So get ready for empty platitudes, “the standard is the standard,” and the perpetuation of outdated philosophies and skewed priorities. It’s a quick-strike league, but the Steelers will keep attempting gradual suffocation. Being right will continue to be more important than doing the right thing.

    Get ready for 8-8 or 7-9 again next year. Maybe worse.


  3. #3
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    Humble pie Ben, you give 100% when you do it your way and half-arse it when you have to do it someone else's way. Yesterday, Ben ball lost the game for us. I am starting to realize that Ben is more self-centered than I ever thought he was, despite his "this one's on me" talk. If Tomlin is truly honest with himself, he must admit that Ben and Haley will never work. He's going to have to go find an OC that Ben is happy with or he will not perform because God forbid anyone else get the glory. Ben stumps for OL candidates, ala Willie Colon and Max Starks. Starks is workable, not stellar, but workable. Wiffy Colon, not so much. In either case, Ben got his way and the OL continues to stink. Ben loses his buddy OC and he pouts for a year over it. The facts are what the facts are, this team does what Ben wants or he doesn't perform. So Mike, go out and find Ben an OC he likes for next season and he'll step up his game I suppose. Keep those two old dinosaurs on the roster as backup QBs so Ben doesn't feel threatened. And keep the same old OL players that are about as effective as a screen door so Ben is happy with that too. Ben has gotten his way on a lot of these things and he lost yesterday so perhaps after eating the humble pie he might realize that getting his way isn't always best for the team, but probably not.

  4. #4
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    Too much individualism on this team, not nearly enough leadership to bring the "teamness" necessary for success. Not enough effective leadership from the head coach, or from the veterans left to take up the torch with the departures of Hines, Farrior, Smith.

  5. #5

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    I dont have answers right now but when searching for the root cause to create the corrective action so much points to what DB states here

    Quote Originally Posted by DukieBoy View Post
    Too much individualism on this team, not nearly enough leadership to bring the "teamness" necessary for success. Not enough effective leadership from the head coach, or from the veterans left to take up the torch with the departures of Hines, Farrior, Smith.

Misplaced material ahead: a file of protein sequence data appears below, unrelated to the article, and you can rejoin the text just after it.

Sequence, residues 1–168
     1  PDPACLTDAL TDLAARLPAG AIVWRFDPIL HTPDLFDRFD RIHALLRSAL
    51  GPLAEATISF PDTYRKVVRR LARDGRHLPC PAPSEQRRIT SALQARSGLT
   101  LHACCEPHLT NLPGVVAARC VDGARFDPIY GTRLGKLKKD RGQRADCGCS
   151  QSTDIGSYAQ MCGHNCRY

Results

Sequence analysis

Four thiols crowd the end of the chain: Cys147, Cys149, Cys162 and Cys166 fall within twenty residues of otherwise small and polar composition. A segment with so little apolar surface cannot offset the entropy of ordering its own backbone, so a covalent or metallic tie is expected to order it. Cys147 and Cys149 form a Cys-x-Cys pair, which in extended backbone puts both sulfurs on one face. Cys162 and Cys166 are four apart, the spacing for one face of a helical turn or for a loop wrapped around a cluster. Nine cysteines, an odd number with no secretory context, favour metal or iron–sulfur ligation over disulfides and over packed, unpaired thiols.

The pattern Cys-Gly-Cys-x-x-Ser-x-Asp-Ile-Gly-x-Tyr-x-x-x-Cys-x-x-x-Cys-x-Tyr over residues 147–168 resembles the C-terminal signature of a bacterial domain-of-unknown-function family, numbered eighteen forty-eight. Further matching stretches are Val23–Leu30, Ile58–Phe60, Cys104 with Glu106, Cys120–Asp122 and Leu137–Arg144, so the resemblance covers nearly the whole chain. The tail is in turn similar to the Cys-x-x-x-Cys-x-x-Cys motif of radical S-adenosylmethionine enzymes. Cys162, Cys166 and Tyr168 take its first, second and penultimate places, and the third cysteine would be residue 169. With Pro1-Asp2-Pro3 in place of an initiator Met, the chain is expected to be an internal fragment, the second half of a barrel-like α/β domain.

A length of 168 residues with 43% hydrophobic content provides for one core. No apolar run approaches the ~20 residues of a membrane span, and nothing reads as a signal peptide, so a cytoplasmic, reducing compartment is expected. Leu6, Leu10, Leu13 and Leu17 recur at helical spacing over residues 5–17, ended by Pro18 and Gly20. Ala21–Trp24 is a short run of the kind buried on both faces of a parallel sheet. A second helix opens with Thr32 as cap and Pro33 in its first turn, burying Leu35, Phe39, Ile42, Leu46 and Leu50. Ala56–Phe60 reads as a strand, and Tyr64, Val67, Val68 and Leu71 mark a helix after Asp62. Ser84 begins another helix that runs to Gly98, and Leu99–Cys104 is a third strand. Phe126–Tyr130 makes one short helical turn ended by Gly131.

6. #6
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    Mark Madden is a big a punk as they come - but that article of his nailed it.


  7. #7
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    Another great article . Madden hit the nail on the head. Rooney steping in has caused more harm than good regarding the offensive philosophy.

  8. #8

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    Cook: Loss leaves Big Ben in agony

    What's wrong with Big Ben?

    December 24, 2012
    By Ron Cook / Pittsburgh Post-Gazette

    It's nice that Ben Roethlisberger stood up and took blame for the Steelers loss Sunday to the Cincinnati Bengals. It's nice that he went to many teammates in the locker room to say, "I'm sorry I let you down." It's nice that he told the media later, "They need more play and better play from the quarterback."

    You expect nothing less from Roethlisberger.

    "That's what captains and quarterbacks do," Steelers safety Ryan Clark said.

    What you couldn't possibly have expected was that Roethlisberger would come up so small in such a big game. It wasn't just his interception in the final 24 seconds that led to the Bengals' 13-10 win or his interception in the first quarter that was returned for the Bengals' only touchdown. He was awful the whole game.

    A few questions:

    What has happened to Roethlisberger? He hasn't been the same since his shoulder/rib injury in the Kansas City game Nov. 12. The Steelers are 0-3 since he came back after missing 3 1/2 games. A week earlier in Dallas, he threw an interception that led to an overtime loss.

    Where's the old Roethlisberger, the one I've written many times is on his way to the Hall of Fame and is better than Terry Bradshaw? The one who routinely wins games in the fourth quarter or overtime?

    How do the Steelers get that Roethlisberger back?